Many people begin a conversation with the words, ‘I’m spiritual, not religious.’ Sometimes they go on to articulate a philosophy of being that is fundamentally religious with their acknowledgement of a Supreme Being and their sense of personal obligation, duty and relationship. More often they lose themselves, and me, in a series of well-meaning but inchoate propositions that suggest something between pantheism and humanitarianism. The idea of a personal God who is to be known and loved, reverenced and obeyed, does not fit easily into such a scheme of things. Indeed, I have sometimes wondered, perhaps unfairly, whether to be spiritual as some people explain it is to worship a God made in one’s own image and likeness — a God with all the difficult and demanding bits left out. To be religious, as Christians understand that term, is quite the opposite. The ‘difficult and demanding bits’, with their language of love, sacrifice and obedience, are essential, because they are what conform us to Christ. They are only possible because of the immense otherness of God, his existence above and beyond our understanding, coupled with his immense humility, his willingness to be close to us and dwell within us; but we cannot side-step them. They constitute the Way we must follow.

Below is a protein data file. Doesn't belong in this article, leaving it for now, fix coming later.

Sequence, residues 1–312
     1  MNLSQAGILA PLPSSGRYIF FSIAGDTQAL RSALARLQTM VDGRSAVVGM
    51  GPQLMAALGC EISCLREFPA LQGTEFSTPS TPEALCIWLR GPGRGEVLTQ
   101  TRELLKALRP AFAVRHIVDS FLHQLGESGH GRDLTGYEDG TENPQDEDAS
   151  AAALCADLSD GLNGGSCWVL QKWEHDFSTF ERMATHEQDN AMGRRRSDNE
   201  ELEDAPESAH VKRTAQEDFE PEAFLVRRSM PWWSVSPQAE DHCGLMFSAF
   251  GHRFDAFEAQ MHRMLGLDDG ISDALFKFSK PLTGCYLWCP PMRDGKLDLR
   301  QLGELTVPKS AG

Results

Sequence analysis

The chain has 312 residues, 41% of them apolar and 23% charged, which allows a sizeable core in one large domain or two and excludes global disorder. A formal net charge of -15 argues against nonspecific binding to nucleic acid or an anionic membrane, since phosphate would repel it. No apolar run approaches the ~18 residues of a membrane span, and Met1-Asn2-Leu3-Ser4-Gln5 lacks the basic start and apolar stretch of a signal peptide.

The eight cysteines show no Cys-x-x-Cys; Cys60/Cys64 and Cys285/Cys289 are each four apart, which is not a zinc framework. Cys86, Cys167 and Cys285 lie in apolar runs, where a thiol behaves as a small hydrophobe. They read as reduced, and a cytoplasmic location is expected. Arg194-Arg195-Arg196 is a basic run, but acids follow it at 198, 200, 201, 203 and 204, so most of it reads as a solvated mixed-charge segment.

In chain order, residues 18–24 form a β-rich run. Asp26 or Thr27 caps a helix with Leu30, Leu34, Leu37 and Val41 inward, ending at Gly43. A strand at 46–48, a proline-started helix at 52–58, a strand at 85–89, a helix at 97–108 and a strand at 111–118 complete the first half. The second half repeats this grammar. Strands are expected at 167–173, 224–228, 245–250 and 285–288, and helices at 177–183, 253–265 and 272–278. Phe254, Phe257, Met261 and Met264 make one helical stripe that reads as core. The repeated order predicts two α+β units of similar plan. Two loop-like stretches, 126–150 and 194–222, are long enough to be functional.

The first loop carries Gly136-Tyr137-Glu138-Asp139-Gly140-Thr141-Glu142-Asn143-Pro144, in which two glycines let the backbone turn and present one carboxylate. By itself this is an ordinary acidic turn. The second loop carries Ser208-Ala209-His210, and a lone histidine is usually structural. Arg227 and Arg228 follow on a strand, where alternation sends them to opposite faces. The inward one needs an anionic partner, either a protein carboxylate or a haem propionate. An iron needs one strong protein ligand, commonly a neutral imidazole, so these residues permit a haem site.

It is no accident, I think, that the words ‘religion’ and ‘religious’ were, for many years, synonymous with living under monastic vows. The conventional etymology, identifying the words with the Latin religare, meaning to bind, oblige, revere, seems to fit. The monk or nun is someone who has vowed their love and obedience to the Lord in an unbreakable covenant. The emphasis is not so much on our response (living monastically) as on God’s invitation (to become one with him). Paradoxically, that invitation, which binds us to the Lord, leaves us supremely free in a way that ‘being spiritual’ never could. It is as if choosing to follow the guidance of the gospel, the rule and one’s superior cut away all the unnecessary complicatons that being spiritual imposes. The path is Christ, and Christ alone, not a multitude of choices, all apparently equally good, all apparently leading somewhere. That doesn’t mean that following the path of Christ will be easy, but of one thing we can be certain. If we follow it to the end, we shall reach our destination; and I’m not sure that being spiritual will do that for us.